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Recently, a video surfaced on the internet of a man singing with his father in a car. The father has Alzheimer’s disease, but you wouldn’t be able to tell when his son hits play on “Quando, Quando, Quando.” Made popular in the U.S. by Pat Boone back in the 1960’s, his father sings along and is “brought back” for the fleeting moments that the song lasts.
Alzheimer’s is a very severe disease that slowly eats away parts of the brain. It attacks nerve cells and neurons, resulting in loss of long-term and short-term memory, overall thought process and language skills, and causes behavioral changes. There are different stages to the development of the disease; it’s different for every patient. One can start with simply just forgetting what they’re doing all of a sudden, and eventually progress to forgetting how to form words.
The Alzheimer’s research community is working on finding ways to possibly slow the onset of the disease, or even eliminate it overall. However, it’s a very complicated disease and even though you can find all kinds of articles floating around telling you “eat your blueberries to keep a healthy brain,” or “download this memory game to keep your mind sharp,” there are no real definitive answers to keeping your brain Alzheimer’s free.
So far, science has only been able to find ways to comfort the patient–for instance, music. Singing, playing an instrument, or even just listening to music, as long as the patient has a connection with it, has shown to improve the patient’s overall mood. Some people, like the son and father singing in the car, say that music gives them a glimpse of their loved one as they were before the disease took over.
Ruth Drew is the director for family and information services at the Alzheimer’s Association based in Chicago. She deals not only with the patients suffering from Alzheimer’s disease, but also with the family and friends having to cope with slowly losing their loved one(s) to the disease. BTRtoday speaks with her about the disease and how music has created some small glimpses of hope.
BTRtoday (BTR): In short, why is it that music tends to be easier in aiding recall for Alzheimer patients than things like names and places?
Ruth Drew (RD): I don’t know if we really fully understand all that applies, but we’ve certainly observed over the years that people connect to music in a way that’s different from speech and language. I’ve heard people say that music is stored in other parts of the brain; we know a disease like Alzheimer’s attacks the brain, starts in the area that handles new learning and new short term memory, and then goes throughout the brain.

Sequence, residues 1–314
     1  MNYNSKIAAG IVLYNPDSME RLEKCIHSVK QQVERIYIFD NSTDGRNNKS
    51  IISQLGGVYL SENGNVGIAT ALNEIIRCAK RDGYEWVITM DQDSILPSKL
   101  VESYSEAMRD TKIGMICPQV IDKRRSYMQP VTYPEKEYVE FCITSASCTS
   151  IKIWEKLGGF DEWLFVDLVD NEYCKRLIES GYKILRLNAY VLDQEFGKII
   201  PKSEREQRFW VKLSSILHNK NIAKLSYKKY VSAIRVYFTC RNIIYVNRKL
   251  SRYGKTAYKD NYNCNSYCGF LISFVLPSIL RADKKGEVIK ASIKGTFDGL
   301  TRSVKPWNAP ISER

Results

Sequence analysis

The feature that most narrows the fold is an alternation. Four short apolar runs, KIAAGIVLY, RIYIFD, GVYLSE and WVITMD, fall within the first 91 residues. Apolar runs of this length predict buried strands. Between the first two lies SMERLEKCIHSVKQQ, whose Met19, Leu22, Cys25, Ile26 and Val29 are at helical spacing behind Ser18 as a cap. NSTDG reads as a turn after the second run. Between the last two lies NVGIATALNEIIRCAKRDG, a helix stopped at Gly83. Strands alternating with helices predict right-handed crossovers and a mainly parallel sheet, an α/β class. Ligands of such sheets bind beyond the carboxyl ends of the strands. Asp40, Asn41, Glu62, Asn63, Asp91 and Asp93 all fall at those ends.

So we see the progression can really vary from one person to the next. One person may lose the ability to balance their checkbook, while someone else may loose the ability to read early on, then others may be able to read well into the disease but have some other difficulties. What we observe is that music seems to tap into other parts of the brain that may still be functioning even when a person has gone beyond the point where they can typically carry on a conversation—they may have difficulty finding the right words, they may have difficulty completing a thought and yet these neuro-pathways where the music is stored seem to still be alive and well.
BTR: Would you say it’s more like a coping mechanism or is it actually helping to improve the patient’s brain?
RD: I don’t know if it’s helping to improve; I think the damage that occurs and that hurts the ability to convert remains, but using music is a way to focus on a person’s remaining strengths. I think at anytime the ability to harness someone’s remaining strengths, rather than only focusing on their deficits… we do better. Also, we know we all like to do the things we enjoy and the things that we feel are meaningful.